Perimenopause Temporarily Affects Cognitive PerformanceLast Updated: May 28, 2009. Perimenopause may be associated with some declines in cognitive performance that return to premenopausal levels after menopause, and hormone therapy has differential effects on cognitive performance depending on the time of initiation, according to a study in the May 26 issue of Neurology.
THURSDAY, May 28 (HealthDay News) -- Perimenopause may be associated with some declines in cognitive performance which return to premenopausal levels after menopause, and hormone therapy has differential effects on cognitive performance depending on the time of initiation, according to a study in the May 26 issue of Neurology.
Gail A. Greendale, M.D., of the David Geffen School of Medicine at the University of California in Los Angeles, and colleagues conducted a four-year study of 2,362 subjects, ages 42 to 52 years, from the Study of Women's Health Across the Nation.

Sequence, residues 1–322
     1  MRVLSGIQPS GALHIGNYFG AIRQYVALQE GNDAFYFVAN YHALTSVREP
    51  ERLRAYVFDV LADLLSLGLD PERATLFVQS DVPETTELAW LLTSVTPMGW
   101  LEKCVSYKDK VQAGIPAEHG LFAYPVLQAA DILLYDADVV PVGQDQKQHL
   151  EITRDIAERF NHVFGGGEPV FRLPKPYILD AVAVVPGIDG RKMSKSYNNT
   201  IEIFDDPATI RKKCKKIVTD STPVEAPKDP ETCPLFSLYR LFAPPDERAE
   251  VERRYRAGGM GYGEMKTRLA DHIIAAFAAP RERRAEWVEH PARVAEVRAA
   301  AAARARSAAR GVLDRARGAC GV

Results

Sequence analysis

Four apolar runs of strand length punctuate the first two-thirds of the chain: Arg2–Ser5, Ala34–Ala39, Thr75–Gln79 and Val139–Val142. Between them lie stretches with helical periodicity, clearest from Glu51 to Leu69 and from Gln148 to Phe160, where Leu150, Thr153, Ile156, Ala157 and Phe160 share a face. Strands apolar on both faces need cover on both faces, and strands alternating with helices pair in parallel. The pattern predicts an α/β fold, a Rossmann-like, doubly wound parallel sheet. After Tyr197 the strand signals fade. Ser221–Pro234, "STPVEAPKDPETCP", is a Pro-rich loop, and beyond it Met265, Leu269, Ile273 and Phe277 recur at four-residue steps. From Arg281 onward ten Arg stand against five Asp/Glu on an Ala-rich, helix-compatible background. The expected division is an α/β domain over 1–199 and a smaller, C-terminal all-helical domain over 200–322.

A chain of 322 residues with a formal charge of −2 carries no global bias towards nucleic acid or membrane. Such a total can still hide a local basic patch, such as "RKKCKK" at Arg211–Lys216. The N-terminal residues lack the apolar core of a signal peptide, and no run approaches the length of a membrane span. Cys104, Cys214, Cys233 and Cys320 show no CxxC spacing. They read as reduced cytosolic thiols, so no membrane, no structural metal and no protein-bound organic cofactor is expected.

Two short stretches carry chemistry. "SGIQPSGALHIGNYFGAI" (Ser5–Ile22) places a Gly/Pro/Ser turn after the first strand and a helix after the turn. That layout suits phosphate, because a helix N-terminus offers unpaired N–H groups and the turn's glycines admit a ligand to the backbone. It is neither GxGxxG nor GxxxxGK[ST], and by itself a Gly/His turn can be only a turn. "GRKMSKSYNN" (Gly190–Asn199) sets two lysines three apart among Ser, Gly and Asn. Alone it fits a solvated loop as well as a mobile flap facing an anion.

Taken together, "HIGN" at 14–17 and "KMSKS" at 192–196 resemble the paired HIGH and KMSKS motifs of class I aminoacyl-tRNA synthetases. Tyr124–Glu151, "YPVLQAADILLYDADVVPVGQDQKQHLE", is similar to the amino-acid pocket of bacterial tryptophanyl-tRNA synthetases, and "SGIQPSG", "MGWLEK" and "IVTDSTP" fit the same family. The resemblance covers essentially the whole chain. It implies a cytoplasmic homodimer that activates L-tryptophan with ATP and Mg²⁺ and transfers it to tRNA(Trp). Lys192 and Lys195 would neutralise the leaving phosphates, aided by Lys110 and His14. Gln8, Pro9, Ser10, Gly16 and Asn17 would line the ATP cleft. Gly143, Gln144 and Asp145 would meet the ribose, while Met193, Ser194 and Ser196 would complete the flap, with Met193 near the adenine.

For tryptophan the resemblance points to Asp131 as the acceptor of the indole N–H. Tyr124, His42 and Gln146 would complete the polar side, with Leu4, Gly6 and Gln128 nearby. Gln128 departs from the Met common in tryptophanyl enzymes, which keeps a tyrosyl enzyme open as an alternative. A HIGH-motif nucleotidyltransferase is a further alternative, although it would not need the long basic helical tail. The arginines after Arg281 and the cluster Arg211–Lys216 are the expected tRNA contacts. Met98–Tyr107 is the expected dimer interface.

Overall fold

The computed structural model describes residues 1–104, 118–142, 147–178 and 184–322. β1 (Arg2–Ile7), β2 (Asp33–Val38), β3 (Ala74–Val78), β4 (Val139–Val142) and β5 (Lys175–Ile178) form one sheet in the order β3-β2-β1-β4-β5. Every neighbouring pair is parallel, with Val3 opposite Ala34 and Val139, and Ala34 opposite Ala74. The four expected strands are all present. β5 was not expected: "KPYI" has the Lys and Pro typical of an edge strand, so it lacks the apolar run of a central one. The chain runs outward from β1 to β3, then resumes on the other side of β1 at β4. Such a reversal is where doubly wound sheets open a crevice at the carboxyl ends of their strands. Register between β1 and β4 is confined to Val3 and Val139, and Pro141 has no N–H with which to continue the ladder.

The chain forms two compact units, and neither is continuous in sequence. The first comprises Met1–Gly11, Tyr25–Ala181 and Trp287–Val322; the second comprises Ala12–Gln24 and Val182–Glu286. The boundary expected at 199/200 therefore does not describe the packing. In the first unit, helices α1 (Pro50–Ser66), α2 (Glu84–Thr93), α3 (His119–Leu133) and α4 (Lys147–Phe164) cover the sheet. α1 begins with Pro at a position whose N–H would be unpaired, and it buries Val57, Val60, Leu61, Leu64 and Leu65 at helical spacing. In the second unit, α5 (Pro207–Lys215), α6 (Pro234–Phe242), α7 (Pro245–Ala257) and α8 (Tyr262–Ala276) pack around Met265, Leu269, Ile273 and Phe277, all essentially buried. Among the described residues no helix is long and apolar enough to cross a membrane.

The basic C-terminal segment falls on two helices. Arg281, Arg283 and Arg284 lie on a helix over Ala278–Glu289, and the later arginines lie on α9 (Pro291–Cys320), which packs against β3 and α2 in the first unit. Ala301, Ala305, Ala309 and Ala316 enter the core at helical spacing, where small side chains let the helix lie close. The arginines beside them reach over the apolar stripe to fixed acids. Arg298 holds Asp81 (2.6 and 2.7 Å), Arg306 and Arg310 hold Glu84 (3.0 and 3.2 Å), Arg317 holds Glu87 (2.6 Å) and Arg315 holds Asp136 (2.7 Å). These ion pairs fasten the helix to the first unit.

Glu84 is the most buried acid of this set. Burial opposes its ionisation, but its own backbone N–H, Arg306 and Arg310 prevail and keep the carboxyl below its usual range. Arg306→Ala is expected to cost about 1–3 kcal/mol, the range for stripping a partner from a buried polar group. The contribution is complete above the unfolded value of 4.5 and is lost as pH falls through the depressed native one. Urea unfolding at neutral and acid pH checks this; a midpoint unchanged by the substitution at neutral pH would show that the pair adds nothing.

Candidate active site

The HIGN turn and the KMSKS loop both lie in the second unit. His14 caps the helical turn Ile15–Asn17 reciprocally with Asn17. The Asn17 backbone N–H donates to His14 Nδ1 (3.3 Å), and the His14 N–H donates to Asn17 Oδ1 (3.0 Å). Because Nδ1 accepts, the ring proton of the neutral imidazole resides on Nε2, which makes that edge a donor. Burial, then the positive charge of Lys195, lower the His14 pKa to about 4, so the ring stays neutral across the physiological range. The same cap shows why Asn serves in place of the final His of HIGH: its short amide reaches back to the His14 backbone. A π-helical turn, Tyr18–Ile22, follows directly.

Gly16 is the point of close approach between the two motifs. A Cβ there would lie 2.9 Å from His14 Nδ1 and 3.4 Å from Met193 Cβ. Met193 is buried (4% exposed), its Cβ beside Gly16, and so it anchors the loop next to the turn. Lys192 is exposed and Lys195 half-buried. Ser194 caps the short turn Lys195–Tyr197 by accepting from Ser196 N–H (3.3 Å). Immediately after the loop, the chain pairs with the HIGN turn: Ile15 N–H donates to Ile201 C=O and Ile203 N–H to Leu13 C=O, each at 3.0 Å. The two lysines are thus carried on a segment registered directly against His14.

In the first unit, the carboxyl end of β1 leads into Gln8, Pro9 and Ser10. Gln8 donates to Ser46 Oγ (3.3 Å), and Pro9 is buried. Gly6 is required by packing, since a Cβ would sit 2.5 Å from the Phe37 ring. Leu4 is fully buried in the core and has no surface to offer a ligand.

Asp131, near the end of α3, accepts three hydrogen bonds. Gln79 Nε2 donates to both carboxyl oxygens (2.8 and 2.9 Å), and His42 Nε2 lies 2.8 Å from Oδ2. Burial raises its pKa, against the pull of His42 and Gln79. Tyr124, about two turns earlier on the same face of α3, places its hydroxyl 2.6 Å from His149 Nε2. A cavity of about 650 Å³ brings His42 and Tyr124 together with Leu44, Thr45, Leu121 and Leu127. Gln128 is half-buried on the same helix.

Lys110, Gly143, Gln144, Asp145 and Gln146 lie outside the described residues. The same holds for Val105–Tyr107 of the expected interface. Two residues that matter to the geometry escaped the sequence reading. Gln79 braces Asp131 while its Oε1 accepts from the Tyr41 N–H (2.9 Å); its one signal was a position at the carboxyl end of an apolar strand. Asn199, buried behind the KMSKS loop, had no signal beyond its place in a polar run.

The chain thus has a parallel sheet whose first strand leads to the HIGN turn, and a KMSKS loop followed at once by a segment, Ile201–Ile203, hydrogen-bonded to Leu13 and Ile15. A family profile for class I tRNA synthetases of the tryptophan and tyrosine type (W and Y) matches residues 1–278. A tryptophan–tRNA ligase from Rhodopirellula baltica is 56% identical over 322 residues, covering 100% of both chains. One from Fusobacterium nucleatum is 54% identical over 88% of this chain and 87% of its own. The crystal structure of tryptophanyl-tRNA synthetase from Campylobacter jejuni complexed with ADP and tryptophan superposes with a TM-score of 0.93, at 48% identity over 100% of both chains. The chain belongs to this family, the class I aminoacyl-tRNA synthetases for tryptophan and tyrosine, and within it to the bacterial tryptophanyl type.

The researchers found that processing speed significantly improved over time among premenopausal, early perimenopausal, and postmenopausal women, but not among late perimenopausal women. They also found that verbal memory scores significantly improved over time among premenopausal and postmenopausal women, but not among early perimenopausal or late perimenopausal women. In addition, the authors note, women who began taking hormones before their final menstrual period scored 6 percent higher on initial processing speed scores and 4 to 5 percent higher on episodic memory scores than nonusers. However, women who began taking hormones after their final menstrual period demonstrated poorer cognitive performance over time in both domains compared to their premenopausal performance.
"Whether menopause symptoms (e.g., hot flashes) mediate the cognitive difficulties observed during perimenopause and whether endogenous sex steroids are related to cognition during the menopause transition remain important questions that are beyond the scope of this analysis, but will be the subjects of future work," the authors conclude.
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